Two stories that appeared within days of each other raise a similar question about the private insurance industry's methods.
An article in Modern Healthcare described the impending closure of the proton-beam therapy center at Indiana University, one of only 13 such facilities in the country. Proton-beam therapy, which is very expensive, has never been proven better than other types of treatment for prostate cancer.
Here's what Modern Healthcare had to say:
Blue Shield of California and Aetna last year said they would no longer cover proton therapy as a treatment for localized prostate cancer. Cigna Corp. does not cover proton-beam therapy in the treatment of prostate cancer either.
“I look at this closure as a sign that insurers are finally empowered to say this is a dubious medical technology” in the treatment of patients with prostate cancer, said Amitabh Chandra, director of health policy research at the Harvard Kennedy School of Government.
A couple of days later in the New York Times, a piece by Elisabeth Rosenthal related several anecdotes about patients who were saddled with large and unexpected bills from out-of-network physicians who were involved in their care.
A particularly egregious example was a $117,000 bill from the surgeon who assisted at a 3-hour cervical spine fusion operation. Just to put it in perspective, that's $39,000 per hour or $650 per minute—numbers a professional athlete might envy.
Although the procedure took place at a teaching hospital where residents are usually available to assist, the operative record apparently documented that no qualified resident was available.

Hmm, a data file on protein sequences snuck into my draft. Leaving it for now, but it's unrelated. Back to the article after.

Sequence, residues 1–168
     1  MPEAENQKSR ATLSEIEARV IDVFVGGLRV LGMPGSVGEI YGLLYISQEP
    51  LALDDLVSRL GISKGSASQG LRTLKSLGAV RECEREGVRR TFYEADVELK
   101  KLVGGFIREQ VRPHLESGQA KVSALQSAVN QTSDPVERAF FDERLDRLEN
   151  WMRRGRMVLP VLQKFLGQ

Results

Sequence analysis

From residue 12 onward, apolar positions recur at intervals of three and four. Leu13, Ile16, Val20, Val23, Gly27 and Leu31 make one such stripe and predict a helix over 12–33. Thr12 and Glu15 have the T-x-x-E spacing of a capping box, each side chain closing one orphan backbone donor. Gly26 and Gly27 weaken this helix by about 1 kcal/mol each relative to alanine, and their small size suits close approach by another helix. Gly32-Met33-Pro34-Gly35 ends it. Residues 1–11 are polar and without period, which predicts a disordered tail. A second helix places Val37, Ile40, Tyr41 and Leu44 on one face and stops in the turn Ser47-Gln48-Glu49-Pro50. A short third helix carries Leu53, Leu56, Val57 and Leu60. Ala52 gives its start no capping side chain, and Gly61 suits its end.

The surgeon billed $133,000, but since he was in-network, he received only about $6,200.
Despite some pushback by the patient, the insurance company eventually paid the surgical assistant's $117,000 fee. If he's worth 19 times more than the operating surgeon, maybe he should be doing the operation instead of merely assisting.
Apparently this is not an isolated event. Quoting the Times, "J. Edward Neugebauer, chief litigation officer at Aetna, said the company had ... sued an in-network neurosurgeon on Long Island who always called in an out-of-network partner to assist, resulting in huge charges. The surgeons shared a business address."
The story in the Times related several other instances of insurance companies acquiescing and paying extremely high out-of-network charges.
If insurance companies can decide not to pay for proton-beam therapy, why do they agree to pay an assistant surgeon $650 per minute? I realize they didn't want to leave the patient holding the bag, but have they no recourse other than to pay?
On the home page of the Medical Society of the State of New York, its president responded to the Times piece by pointing out that New York's legislature just passed a law addressing surprise bills, and he correctly noted that some insurance companies do not pay in-network physicians enough to cover their expenses.
But he failed to acknowledge that many of the fees noted in the article are outrageous. Why not at least mention that issue? Doesn't he realize those fees make all doctors look bad?